Take a look at all of those US flags - up against Pakistan's border.
Yes, that's right. While Robert Gates and Condi Rice (who just arrived in Afghanistan for a surprise visit) have both been threatening the demise of NATO if Afghanistan becomes a "failed state" by not having other countries sending in more combat troops because they won't be bullied into it, US troops are busy fighting along the Pakistani border because their useless commander-in-chief has been busy propping up Pervez Musharraf to the tune of $10 billion the past few years. And what, exactly, has he gotten in return?
Musharraf, who has been protecting the notorious AQ Khan from international scrutiny, is now reportedly relaxing Khan's house arrest rules. The Bush administration has forgiven Musharraf every step of the way for his refusal to take control of Waziristan and if you're wondering why the US military won't commit more troops to Kandahar, where our Canadian troops are dying, it's probably because they'll be too busy training Pakistan's army.
Michael Vickers, assistant defense secretary for special operations and low-intensity conflict, said training sites are being chosen for a five-year program to train and equip the Frontier Corps, a paramilitary unit, to confront al Qaeda and the Taliban in Pakistan's northwestern tribal region.
"That is just getting under way," he told reporters at a briefing. "There may be other training assistance as well, subject to continuing discussions with the Pakistanis."
The training is part of a new $750 million U.S. development effort to make Pakistan's Federally Administered Tribal Areas (FATA) less hospitable for al Qaeda and the Taliban. Washington has given Pakistan $10 billion, mainly in military aid, since the Sept. 11 attacks in 2001.
As usual, this is too little way too late considering the situation in Afghanistan. But, both the Afghanistan and Iraq wars have been planned for on the fly at the behest of Donald Rumsfeld:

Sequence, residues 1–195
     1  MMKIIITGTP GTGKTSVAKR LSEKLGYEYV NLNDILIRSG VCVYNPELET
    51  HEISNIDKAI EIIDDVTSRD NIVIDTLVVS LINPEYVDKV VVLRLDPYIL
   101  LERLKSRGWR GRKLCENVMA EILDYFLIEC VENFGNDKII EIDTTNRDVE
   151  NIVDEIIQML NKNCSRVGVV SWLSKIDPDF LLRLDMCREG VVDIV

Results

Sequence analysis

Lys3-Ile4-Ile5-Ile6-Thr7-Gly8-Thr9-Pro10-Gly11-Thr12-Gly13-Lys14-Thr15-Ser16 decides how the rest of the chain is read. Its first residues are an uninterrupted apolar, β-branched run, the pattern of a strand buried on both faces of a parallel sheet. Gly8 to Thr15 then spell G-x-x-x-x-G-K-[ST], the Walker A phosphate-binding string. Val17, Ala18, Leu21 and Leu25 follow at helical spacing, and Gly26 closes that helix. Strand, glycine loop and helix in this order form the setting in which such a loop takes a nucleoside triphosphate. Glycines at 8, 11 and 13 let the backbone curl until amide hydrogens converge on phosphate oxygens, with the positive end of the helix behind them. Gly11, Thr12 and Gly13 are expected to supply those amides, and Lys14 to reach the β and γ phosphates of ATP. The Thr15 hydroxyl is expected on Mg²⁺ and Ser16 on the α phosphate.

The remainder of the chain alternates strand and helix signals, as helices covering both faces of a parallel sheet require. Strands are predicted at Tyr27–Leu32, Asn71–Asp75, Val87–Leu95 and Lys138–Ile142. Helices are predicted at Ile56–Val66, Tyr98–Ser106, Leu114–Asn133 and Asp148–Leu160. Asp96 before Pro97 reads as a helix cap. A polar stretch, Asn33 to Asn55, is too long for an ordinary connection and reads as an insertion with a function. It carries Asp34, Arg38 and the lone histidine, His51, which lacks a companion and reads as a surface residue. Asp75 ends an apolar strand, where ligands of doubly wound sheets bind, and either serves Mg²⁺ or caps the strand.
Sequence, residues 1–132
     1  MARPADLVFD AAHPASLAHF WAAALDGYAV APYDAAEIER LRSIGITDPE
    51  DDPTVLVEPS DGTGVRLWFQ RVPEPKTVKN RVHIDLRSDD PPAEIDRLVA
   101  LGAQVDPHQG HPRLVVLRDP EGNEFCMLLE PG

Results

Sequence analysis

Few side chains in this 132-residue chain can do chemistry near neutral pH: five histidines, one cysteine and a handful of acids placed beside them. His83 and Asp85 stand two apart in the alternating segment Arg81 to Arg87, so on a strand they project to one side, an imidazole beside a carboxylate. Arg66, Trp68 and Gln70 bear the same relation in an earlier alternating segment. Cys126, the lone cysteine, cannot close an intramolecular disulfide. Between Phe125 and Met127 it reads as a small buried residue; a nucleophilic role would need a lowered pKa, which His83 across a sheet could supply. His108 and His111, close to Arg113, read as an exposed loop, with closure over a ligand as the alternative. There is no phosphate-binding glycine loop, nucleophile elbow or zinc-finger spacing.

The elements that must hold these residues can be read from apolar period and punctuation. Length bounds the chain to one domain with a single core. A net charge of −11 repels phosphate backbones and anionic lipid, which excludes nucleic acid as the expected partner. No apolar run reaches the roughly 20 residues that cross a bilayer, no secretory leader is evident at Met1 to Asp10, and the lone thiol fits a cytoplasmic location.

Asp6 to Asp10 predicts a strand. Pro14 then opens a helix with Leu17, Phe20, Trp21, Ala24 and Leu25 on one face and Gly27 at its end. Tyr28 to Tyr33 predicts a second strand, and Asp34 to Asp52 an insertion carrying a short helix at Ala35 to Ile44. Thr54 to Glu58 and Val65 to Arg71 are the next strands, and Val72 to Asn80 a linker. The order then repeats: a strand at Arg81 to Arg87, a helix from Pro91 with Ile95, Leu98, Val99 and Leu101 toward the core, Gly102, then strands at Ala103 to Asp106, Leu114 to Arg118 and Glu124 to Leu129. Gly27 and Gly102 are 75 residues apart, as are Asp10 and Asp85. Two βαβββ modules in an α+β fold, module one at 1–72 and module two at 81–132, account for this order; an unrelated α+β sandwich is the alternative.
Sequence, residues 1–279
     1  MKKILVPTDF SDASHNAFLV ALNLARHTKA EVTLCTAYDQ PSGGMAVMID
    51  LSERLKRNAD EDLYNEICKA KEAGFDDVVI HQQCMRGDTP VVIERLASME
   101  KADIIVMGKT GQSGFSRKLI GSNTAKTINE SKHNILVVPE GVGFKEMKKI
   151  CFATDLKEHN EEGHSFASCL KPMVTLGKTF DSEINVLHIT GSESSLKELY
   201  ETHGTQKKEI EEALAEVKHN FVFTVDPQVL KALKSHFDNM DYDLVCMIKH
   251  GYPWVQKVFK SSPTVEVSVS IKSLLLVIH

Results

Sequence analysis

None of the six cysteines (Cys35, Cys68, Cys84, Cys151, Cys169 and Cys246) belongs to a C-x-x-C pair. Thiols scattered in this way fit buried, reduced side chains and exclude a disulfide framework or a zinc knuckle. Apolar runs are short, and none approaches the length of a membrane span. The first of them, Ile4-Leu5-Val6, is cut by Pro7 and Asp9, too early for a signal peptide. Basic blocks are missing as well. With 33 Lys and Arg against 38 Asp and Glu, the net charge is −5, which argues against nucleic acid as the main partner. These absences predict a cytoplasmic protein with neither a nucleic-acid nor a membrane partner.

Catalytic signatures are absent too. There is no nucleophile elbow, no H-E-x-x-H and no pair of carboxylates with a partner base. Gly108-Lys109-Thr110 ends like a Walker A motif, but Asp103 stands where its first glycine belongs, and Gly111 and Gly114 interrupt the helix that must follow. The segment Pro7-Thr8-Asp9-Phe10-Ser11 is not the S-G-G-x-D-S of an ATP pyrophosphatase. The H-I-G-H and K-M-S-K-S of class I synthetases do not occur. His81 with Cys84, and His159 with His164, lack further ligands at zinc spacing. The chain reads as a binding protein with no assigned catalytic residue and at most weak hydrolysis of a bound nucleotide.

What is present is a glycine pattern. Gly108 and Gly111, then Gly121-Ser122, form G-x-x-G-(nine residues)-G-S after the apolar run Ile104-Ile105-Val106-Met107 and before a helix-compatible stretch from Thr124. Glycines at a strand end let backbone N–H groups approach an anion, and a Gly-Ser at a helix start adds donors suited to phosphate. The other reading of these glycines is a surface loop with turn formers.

As the United States prepared to respond to the attacks of September 11, Rumsfeld pushed a reluctant military to think unconventionally about going to war in Afghanistan. Dissatisfied with the plan for a large-scale invasion that he received from the chairman of the Joint Chiefs, Rumsfeld turned to the Pentagon's Special Operations forces.
"He is willing to start military operations in Afghanistan before most of the military thinks that we're ready to do so. And [a] small number of special forces soldiers combined with CIA support for indigenous Afghan resistance forces brings about spectacular results," Krepinevich says.
When the president's attention turned towards Iraq, Rumsfeld pushed his war planners to think outside the box. Emboldened by his success in Afghanistan, the secretary once again pushed aside Pentagon critics and demanded an unconventional war plan.
"Rumsfeld thinks you can re-invent [the] war plan," The Washington Post's Bob Woodward tells FRONTLINE, "And anything that smacks of the old way or something that looks conventional to him, he asks questions about. Doesn't necessarily oppose it, but will ask questions about it, and is looking to make this quicker, with less force and with less casualties."
So, if the Afghanistan war is lost, it certainly isn't NATO's fault. And, just how much of a difference will 1,000 more soldiers make?
This is all on the Bush administration and no amount of guilt-tripping by Gates and Rice at this point is going to change that.
“I do think the alliance is facing a test here,” Ms. Rice said in a visit to London. “Populations have to understand that this is not just a peacekeeping fight.”
Can she possibly be any more condescending?
In Canada, as expected, the Conservative government will table a motion on Thursday for parliament to consider Canada's future role in Afghanistan beyond February, 2009. Stephane Dion said this week the debate will be "civil". Just how do you debate civilly with a bullying government armed with Bush talking-points and insults that any opposing opinion equals siding with the Taliban? While Dion hopes to play chess with Harper - hoping he'll accept a non-combat role extension - "The NDP and the Bloc Quebecois have said flatly that they will vote against any extension of the mission."
As I wrote here last week, there's much more to this debate than whether or not the troops will continue fighting. There's an economic component that's important to both the Conservatives and Liberals in terms of US/Canada relations and I believe that's what's fueling the Harper/Dion meetings this week ie. how to stay on the so-called good side of the US without getting dinged financially.
But that's not what the general public will hear about in this upcoming "debate". It will be all about NATO's credibility and the idea that Canada is responsible for saving it.
Somehow, the Afghanistan people have been forgotten in all of this.
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